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Turning away from the sweet pop of Out of Time, R.E.M. created a haunting, melancholy masterpiece with Automatic for the People. At its core, the album is a collection of folk songs about
aging, death, and loss, but the music has a grand, epic sweep provided by layers of lush strings, interweaving acoustic instruments, and shimmering keyboards. Automatic for the People captures the group at a crossroads, as they moved from cult heroes to elder statesmen, and the album is a graceful transition into their new status. It is a reflective album, with frank discussions on mortality, but it is not a despairing record. "Nightswimming," "Everybody Hurts," and "Sweetness Follows" have a comforting melancholy, while "Find the River" provides a positive sense of closure. R.E.M. have never been as emotionally direct as they are on Automatic for the
People, nor have they ever created music quite as rich and timeless, and while the record is not an easy listen, it is the most rewarding record in their oeuvre.
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Old 03-25-2007, 10:55 PM   #10
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Re: CRF2 Top 100 Albums Of All Time #90 to 81

#81 Pearl Jam - Ten 1991
317 points
Appears on 10 lists

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Quote:
Nirvana's Nevermind may have been the album that broke grunge and alternative rock into the mainstream, but there's no underestimating the role that Pearl Jam's Ten played in keeping them
there. Nirvana's appeal may have been huge, but it wasn't universal; rock radio still viewed them as too raw and punky, and some hard rock fans dismissed them as weird misfits. In retrospect, it's easy to see why Pearl Jam clicked with a mass audience — they weren't as metallic as Alice in Chains or Soundgarden, and of Seattle's Big Four, their sound owed the greatest debt to classic rock. With its intricately arranged guitar textures and expansive harmonic vocabulary, Ten especially recalled Jimi Hendrix and Led Zeppelin. But those touchstones might not have been immediately
apparent, since — aside from Mike McCready's Clapton/Hendrix-style leads — every trace of blues influence has been completely stripped from the band's sound. Though they rock hard, Pearl Jam is too anti-star to swagger, too self-aware to puncture the album's air of gravity. Pearl Jam tackles weighty topics — abortion, homelessness, childhood traumas, gun violence, rigorous introspection — with an earnest zeal unmatched since mid-'80s U2, whose anthemic sound they frequently strive for. Similarly, Eddie Vedder's impressionistic lyrics often make their greatest impact through the passionate commitment of his delivery rather than concrete meaning. His voice had a highly distinctive timbre that perfectly fit the album's warm, rich sound, and that's part of the key — no matter how cathartic Ten's tersely titled songs got, they were never abrasive enough to affect the album's accessibility. Ten also benefited from a long gestation period, during which the band honed the material into this tightly focused form; the result is a flawlessly crafted hard rock masterpiece.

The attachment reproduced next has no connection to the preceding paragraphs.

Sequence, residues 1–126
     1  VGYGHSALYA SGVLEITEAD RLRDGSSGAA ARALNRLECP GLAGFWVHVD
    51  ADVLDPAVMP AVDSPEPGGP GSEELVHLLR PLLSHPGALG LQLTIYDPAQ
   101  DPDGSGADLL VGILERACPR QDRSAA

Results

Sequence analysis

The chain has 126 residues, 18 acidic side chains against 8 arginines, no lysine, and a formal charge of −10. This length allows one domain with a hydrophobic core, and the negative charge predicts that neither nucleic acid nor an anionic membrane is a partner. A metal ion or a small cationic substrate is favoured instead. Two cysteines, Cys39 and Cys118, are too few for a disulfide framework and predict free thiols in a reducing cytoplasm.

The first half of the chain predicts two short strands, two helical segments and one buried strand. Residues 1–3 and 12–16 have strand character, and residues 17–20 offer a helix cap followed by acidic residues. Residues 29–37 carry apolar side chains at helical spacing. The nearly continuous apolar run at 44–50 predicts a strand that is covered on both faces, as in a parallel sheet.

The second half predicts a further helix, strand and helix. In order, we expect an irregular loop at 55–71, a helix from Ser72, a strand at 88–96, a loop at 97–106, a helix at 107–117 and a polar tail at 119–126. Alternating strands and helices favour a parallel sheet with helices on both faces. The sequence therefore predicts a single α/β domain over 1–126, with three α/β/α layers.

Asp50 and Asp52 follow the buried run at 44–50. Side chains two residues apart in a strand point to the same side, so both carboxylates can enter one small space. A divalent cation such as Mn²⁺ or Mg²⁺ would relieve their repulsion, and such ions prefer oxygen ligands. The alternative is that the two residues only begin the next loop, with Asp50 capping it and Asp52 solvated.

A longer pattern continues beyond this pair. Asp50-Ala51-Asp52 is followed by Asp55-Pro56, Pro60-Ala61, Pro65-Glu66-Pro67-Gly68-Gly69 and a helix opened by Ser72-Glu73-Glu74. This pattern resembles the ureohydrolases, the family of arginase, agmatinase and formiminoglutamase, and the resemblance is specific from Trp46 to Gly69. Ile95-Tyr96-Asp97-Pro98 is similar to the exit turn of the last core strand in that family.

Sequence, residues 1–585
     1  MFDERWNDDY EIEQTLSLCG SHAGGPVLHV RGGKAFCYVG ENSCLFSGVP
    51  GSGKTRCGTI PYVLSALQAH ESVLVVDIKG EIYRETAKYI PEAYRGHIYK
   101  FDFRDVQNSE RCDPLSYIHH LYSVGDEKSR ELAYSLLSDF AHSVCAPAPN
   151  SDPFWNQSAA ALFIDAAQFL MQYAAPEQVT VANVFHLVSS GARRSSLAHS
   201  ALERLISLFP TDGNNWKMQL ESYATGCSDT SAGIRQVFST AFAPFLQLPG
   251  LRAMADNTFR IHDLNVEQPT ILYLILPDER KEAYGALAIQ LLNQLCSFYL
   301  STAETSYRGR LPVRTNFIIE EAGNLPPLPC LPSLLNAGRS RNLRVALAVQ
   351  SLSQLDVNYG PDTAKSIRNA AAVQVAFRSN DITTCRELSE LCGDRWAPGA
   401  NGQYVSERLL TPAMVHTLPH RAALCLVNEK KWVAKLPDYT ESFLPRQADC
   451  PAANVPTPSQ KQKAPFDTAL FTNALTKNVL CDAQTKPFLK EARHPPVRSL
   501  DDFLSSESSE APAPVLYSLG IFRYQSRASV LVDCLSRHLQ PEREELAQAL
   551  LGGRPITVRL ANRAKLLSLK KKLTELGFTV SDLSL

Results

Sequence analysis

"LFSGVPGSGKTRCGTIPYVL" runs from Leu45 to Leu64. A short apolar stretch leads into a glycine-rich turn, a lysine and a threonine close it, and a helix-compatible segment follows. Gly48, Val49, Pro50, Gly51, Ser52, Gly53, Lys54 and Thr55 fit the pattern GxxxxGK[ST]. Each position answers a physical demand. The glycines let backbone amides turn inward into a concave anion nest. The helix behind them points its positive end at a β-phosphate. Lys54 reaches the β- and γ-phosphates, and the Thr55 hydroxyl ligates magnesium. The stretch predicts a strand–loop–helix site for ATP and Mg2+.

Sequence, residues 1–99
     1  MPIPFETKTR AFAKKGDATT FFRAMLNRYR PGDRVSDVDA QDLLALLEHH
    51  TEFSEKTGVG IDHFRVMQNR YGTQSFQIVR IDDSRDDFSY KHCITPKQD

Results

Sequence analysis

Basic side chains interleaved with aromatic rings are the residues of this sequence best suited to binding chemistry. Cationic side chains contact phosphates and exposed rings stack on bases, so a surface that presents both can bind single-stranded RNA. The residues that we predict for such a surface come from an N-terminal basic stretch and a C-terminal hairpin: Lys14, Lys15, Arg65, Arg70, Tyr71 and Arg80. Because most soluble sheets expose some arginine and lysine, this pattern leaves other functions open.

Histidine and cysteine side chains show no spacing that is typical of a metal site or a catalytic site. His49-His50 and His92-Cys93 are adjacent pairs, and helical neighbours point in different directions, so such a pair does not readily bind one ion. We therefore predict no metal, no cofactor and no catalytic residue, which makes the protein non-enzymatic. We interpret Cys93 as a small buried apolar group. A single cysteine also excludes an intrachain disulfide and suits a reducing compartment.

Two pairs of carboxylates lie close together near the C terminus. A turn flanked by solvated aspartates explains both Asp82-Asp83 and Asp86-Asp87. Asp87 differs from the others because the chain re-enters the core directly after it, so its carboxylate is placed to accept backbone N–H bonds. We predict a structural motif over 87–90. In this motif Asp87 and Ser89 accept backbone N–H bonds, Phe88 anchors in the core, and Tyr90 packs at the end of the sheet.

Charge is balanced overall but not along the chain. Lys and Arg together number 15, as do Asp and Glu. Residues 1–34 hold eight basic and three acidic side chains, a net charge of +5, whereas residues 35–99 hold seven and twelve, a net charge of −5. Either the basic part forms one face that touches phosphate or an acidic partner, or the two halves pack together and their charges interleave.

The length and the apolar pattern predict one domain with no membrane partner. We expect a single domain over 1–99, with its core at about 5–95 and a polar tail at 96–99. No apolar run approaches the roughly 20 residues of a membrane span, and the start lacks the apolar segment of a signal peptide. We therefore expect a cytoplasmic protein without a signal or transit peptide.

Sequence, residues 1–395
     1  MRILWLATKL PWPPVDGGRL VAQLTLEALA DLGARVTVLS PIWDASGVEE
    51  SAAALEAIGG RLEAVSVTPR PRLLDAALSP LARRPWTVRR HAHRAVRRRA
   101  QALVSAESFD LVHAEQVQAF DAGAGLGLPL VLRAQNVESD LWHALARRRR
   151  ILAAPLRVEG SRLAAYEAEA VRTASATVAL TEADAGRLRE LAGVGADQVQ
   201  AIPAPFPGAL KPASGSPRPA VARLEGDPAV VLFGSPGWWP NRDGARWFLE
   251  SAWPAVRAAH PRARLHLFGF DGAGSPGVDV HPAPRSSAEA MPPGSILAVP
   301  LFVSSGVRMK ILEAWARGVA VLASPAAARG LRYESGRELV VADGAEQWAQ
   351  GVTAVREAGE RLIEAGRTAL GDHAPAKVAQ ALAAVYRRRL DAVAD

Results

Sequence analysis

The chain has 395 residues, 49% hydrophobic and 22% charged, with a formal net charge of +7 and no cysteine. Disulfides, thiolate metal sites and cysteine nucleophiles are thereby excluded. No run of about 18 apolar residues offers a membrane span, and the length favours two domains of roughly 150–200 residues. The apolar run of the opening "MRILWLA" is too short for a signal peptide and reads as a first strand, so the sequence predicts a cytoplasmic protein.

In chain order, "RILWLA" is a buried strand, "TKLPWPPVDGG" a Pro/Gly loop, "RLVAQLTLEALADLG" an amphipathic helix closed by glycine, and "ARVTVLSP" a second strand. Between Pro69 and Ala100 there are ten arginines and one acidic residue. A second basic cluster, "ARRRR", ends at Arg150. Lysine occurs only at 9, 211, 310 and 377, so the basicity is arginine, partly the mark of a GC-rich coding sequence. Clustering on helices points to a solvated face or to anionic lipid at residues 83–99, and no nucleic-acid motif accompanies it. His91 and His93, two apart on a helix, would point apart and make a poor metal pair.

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Old 03-25-2007, 11:00 PM   #11
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Re: CRF2 Top 100 Albums Of All Time #90 to 81

i have 6 of them..
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Old 03-26-2007, 01:32 AM   #12
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Re: CRF2 Top 100 Albums Of All Time #90 to 81

At this point, with the first two lists up, I think I actually prefer the "weaker" list. Although both are obviously strong, L.A. Woman is one of my favorite records ever, so it probably pushes the balance for me.
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Old 03-26-2007, 01:33 AM   #13
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Re: CRF2 Top 100 Albums Of All Time #90 to 81

I only have 4 of these albums.
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Old 03-26-2007, 01:33 AM   #14
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Re: CRF2 Top 100 Albums Of All Time #90 to 81

jeez aint got any of these, are a few there that interest me
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Old 03-26-2007, 01:41 AM   #15
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Re: CRF2 Top 100 Albums Of All Time #90 to 81

I have all of those.
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Old 03-26-2007, 03:42 AM   #16
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Re: CRF2 Top 100 Albums Of All Time #90 to 81

I have # 87 "Destroyer" and #85 "Appetite For Destruction" both should be top 20.

I do want to get "Damn The Torpedos" evetually.
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Old 03-26-2007, 05:14 AM   #17
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Re: CRF2 Top 100 Albums Of All Time #90 to 81

Interesting.
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Old 03-26-2007, 08:26 AM   #18
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Re: CRF2 Top 100 Albums Of All Time #90 to 81

I've got 7
Figures my favorite album of all time comes in 86